NASA’s satellite to track Earth’s melting ice has revealed accurate first maps of Antarctica such that it can measure sea ice height to within an inch, the US space agency has said.
Less than three months into its mission, the Ice, Cloud and land Elevation Satellite-2, or ICESat-2, is measuring the height of sea ice to within an inch, tracing the terrain of previously unmapped Antarctic valleys, surveying remote ice sheets, and peering through forest canopies and shallow coastal waters, NASA said in a statement on Tuesday.
ICESat-2 was launched on September 15 with a three-year mission to understand Earth’s ice sheets, glaciers, sea ice, snow cover and permafrost.
This information from tracking Earth’s rapidly changing ice, would aid researchers to study impact of sea level rise and to improve sea ice and climate forecasts.
“ICESat-2 is going to be a fantastic tool for research and discovery, both for cryospheric sciences and other disciplines,” said Tom Neumann, ICESat-2 project scientist at NASA’s Goddard Space Flight Centre in Maryland.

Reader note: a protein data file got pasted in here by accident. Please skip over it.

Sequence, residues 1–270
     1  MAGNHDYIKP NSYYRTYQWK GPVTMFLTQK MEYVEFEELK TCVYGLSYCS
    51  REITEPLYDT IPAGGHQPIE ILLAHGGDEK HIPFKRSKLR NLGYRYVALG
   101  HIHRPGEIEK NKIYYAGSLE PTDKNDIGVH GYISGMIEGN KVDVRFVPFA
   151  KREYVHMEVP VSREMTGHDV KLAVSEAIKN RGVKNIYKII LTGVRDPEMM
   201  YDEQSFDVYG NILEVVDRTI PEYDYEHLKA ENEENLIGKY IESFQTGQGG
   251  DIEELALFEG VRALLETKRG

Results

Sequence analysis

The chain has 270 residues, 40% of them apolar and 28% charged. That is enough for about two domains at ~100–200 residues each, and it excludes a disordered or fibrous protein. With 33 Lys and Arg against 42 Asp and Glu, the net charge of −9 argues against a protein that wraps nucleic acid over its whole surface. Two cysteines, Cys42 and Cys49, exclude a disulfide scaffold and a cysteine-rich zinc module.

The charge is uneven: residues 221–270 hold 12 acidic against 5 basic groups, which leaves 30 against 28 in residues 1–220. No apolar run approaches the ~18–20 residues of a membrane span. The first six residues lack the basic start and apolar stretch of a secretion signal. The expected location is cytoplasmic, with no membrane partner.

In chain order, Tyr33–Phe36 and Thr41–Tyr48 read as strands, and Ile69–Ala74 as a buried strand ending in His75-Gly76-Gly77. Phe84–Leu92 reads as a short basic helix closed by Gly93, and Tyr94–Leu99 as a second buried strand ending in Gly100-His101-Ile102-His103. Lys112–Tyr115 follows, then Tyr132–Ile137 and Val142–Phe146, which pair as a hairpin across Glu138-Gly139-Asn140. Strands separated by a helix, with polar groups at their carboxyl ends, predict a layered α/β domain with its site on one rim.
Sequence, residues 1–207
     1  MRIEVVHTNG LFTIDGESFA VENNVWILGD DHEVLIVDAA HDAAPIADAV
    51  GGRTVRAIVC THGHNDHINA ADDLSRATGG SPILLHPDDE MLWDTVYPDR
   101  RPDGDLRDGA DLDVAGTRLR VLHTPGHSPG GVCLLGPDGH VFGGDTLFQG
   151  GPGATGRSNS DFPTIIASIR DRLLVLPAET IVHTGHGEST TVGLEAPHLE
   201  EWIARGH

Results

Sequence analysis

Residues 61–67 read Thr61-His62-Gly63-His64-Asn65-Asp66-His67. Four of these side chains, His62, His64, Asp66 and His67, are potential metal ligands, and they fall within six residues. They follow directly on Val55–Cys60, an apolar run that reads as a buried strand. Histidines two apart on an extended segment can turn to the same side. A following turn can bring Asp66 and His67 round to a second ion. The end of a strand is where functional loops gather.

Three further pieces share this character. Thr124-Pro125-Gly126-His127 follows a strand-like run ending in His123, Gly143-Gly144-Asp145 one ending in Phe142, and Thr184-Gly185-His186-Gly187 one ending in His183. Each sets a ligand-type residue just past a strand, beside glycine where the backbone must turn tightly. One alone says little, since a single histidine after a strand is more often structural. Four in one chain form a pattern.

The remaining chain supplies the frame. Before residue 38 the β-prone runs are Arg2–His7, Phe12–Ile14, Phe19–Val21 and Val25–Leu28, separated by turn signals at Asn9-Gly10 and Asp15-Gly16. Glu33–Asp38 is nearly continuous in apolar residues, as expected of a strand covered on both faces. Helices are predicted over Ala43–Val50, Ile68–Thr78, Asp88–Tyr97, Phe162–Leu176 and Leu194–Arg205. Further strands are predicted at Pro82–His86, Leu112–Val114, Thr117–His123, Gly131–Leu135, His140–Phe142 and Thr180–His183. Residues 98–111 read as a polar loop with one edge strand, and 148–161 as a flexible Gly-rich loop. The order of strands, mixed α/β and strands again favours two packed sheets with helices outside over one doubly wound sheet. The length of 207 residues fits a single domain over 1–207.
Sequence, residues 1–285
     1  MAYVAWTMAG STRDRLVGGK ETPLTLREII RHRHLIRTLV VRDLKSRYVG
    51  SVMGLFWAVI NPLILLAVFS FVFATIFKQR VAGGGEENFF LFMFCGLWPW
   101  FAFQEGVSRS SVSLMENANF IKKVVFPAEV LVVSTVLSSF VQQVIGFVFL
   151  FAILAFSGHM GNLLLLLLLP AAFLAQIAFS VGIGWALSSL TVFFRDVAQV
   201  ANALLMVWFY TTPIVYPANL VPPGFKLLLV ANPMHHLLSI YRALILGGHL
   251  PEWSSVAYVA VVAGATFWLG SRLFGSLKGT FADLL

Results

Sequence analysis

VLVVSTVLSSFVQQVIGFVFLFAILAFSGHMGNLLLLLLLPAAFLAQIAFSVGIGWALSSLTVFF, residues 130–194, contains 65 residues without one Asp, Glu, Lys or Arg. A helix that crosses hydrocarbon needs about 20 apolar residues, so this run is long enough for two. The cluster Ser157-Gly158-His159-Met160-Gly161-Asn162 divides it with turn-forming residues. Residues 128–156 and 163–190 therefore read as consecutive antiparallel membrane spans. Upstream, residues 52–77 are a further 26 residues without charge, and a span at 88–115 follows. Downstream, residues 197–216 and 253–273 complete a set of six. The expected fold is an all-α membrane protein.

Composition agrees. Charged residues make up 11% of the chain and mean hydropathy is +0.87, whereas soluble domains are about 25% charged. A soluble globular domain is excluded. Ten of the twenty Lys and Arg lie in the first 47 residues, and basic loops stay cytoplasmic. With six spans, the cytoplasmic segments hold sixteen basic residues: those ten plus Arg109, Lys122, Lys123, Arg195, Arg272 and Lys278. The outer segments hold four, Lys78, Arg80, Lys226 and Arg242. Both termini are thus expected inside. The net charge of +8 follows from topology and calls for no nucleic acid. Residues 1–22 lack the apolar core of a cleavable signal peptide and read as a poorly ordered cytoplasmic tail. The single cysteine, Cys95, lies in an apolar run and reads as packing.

The team shared some of the satellite’s preliminary findings at the American Geophysical Union’s annual meeting in Washington, D.C.
According to NASA, ICESat-2 managed to observe some of the previously unmapped features of the Transantarctic Mountains, which divide East and West Antarctica.
The satellite measures elevation by tracking the photon returns reflect from the surface. It showed high ice plateaus, crevasses in the ice 65 feet (20 meters) deep, and the sharp edges of ice shelves dropping into the ocean.
During its first few months, ICESat-2 observed ice in the Arctic and Antarctica.
Using its six beams for data collection, researchers say we’ll soon have a better understanding of sea ice thickness than ever before.
So far, “the data’s spectacular…The fresh ice is totally flat to within a couple centimetres”, noted Ron Kwok, a sea ice scientist at NASA’s Jet Propulsion Laboratory in California.
“We’ll have much higher resolution of where it’s ice and where it’s water in the marginal ice zones, where the compact ice cover meets the ocean, during melt and freeze-up.”
“That’s going to be new science to think about,” Kwok said.